study was made of restriction fragment length polymorphism (RFLPs) detected variation in the D-loop, ND1 and cytochrome b regions of the mitochondrial genome, encompassing >3500bp. Eight RFLP haplotypes were identified that clustered into three
distinct clans based on restriction differences and into four clans based on sequence differences. Significant differences
in RFLP frequencies were found among all morph groups. The pelagic morph was highly divergent from the two benthic forms,
with the benthic forms having variants from only one genetic clan while the pelagic was dominated by a single variant from
another clan. The relative divergence observed among benthic and pelagic forms is ~10 fold greater when nucleotide divergence
among the haplotypes, as well as haplotype frequency differences, is taken into account. Sequence divergence between haplotypes
in the two main clans is of a similar order to that between haplotypes in these clans and a charr from North America. In contrast,
divergence among the two benthic morphs relates entirely to differences in haplotype frequencies. The study confirms the genetic
distinctiveness of the pelagic and benthic forms as well as of the two benthic forms. It strongly supports previous evidence
that the genetic divergence between the pelagic and benthic populations is allopatric in origin. Additionally, the results
strongly suggest that the two benthic populations have undergone peripatric divergence through the sequential colonisation
of the two basins by one lineage, followed by their spatial separation and reproductive isolation.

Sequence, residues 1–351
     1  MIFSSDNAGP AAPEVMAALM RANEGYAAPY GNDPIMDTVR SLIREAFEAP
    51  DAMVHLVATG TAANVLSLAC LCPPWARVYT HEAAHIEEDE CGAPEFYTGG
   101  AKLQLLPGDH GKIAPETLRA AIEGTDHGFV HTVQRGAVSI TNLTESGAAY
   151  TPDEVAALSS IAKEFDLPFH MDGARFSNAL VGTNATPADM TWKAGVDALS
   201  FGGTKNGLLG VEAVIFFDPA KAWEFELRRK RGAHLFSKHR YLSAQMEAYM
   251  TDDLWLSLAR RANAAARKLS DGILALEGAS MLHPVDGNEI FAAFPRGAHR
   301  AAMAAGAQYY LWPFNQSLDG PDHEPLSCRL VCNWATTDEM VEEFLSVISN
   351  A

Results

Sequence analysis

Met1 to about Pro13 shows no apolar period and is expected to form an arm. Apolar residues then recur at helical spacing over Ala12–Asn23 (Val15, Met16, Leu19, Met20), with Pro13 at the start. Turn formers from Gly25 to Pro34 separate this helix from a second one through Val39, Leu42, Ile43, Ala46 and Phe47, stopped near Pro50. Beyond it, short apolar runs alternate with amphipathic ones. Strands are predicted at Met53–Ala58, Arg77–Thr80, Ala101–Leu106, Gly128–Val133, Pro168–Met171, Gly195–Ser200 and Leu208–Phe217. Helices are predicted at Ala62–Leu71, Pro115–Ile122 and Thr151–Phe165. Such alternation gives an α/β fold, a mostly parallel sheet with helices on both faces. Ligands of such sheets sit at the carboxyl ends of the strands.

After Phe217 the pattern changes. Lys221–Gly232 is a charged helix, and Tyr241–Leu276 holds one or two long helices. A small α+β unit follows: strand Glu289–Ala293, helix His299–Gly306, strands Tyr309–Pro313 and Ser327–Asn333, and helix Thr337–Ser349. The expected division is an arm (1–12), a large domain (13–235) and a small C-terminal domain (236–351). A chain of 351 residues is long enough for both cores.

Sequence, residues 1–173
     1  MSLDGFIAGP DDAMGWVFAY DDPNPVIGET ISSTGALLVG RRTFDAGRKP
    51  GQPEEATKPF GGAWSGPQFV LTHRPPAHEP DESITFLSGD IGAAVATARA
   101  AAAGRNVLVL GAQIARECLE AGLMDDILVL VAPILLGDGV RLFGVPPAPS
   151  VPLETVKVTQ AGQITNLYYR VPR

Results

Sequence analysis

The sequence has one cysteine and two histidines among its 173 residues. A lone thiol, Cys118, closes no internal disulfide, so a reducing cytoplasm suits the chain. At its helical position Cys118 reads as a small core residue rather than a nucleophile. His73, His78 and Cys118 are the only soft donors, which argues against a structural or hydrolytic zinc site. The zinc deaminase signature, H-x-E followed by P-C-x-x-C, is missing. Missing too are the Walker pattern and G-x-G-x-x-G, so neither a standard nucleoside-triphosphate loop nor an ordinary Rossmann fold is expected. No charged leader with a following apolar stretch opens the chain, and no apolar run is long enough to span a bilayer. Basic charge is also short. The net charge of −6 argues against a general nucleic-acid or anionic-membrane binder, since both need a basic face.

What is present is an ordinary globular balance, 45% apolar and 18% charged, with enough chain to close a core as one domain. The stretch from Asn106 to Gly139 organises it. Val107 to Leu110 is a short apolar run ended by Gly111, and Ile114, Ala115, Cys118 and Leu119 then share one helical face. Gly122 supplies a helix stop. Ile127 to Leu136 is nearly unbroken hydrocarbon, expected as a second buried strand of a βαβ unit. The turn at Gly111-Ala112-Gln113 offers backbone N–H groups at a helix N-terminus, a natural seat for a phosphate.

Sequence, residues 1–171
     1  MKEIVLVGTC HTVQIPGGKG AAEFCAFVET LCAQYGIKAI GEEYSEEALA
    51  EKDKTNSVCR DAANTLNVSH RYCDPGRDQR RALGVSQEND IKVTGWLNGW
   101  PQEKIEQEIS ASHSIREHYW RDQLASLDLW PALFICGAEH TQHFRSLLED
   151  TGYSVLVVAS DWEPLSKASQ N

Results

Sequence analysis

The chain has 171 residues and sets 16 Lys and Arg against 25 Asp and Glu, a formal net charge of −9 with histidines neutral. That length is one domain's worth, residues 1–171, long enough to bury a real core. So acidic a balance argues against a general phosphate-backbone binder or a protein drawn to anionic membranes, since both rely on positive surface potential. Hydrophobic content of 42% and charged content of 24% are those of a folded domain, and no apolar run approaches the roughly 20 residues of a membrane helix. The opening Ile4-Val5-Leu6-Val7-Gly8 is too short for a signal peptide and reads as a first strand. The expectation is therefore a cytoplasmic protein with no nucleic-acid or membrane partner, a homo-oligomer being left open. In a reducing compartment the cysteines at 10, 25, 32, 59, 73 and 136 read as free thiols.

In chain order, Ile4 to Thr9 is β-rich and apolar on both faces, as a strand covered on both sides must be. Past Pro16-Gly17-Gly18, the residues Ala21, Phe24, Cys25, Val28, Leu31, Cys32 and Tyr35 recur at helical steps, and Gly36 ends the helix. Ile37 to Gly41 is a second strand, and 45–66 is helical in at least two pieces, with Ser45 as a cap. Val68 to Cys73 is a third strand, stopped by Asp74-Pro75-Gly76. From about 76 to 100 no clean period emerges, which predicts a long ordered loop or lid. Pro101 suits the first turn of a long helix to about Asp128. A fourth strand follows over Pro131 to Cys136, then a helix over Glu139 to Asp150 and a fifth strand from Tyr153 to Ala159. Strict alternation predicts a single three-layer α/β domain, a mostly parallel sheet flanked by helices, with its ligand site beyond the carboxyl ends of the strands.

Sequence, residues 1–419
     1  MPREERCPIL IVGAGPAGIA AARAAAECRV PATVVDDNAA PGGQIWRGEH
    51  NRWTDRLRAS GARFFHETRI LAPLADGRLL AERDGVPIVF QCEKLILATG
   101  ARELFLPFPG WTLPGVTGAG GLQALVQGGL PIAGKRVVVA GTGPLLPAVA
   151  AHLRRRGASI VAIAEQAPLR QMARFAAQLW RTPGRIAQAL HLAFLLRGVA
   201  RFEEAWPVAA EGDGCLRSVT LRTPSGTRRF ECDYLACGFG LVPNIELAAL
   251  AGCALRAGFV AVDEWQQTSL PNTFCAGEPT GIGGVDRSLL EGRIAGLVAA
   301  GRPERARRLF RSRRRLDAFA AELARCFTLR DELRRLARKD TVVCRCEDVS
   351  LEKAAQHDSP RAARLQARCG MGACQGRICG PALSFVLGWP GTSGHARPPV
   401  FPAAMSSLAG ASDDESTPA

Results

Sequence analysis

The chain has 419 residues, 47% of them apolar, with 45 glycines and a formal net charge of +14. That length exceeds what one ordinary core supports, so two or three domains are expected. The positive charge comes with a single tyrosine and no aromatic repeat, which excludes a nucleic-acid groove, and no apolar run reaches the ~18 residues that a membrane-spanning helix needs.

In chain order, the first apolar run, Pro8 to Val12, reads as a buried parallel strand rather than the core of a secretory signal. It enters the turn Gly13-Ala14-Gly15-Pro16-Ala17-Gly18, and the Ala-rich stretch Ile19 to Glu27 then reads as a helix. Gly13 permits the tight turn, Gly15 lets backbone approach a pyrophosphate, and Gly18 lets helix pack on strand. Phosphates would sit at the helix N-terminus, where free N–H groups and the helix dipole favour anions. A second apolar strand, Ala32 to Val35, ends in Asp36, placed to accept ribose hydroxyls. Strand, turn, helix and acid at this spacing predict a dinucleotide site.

[Show abstract][Hide abstract] ABSTRACT: PCR primers were successfully designed to amplify small ND1 gene fragments for RFLP genotyping of degraded Atlantic salmon Salmo salar mtDNA. Analysis of archival scales with these primers, when existing primer sets failed, show Atlantic salmon from the George River, Quebec, to include European haplotypes and those from the Kapisidlit River, West Greenland, to be fixed for a European haplotype characteristic of Baltic populations.
Journal of Fish Biology 04/2005; 60(1):266 - 270. · 1.83 Impact Factor
[Show abstract][Hide abstract] ABSTRACT: Small populations may be expected to harbour less genetic variation than large populations, but the relation between census
size (N), effective population size (N
e), and genetic diversity is not well understood. We compared microsatellite variation in four small peripheral Atlantic salmon
populations from the Iberian peninsula and three larger populations from Scotland to test whether genetic diversity was related
to population size. We also examined the historical decline of one Iberian population over a 50-year period using archival
scales in order to test whether a marked reduction in abundance was accompanied by a decrease in genetic diversity. Estimates
of effective population size (N
e) calculated by three temporal methods were consistently low in Iberian populations, ranging from 12 to 31 individuals per
generation considering migration, and from 38 to 175 individuals per generation if they were regarded as closed populations.
e/N ratios varied from 0.02 to 0.04 assuming migration (mean=0.03) and from 0.04 to 0.18 (mean=0.10) assuming closed populations.
Population bottlenecks, inferred from the excess of heterozygosity in relation to allelic diversity, were detected in all
four Iberian populations, particularly in those year classes derived from a smaller number of returning adults. However, despite
their small size and declining status, Iberian populations continue to display relatively high levels of heterozygosity and
allelic richness, similar to those found in larger Scottish populations. Furthermore, in the R. Asón no evidence was found
for a historical loss of genetic diversity despite a marked decline in abundance during the last five decades. Thus, our results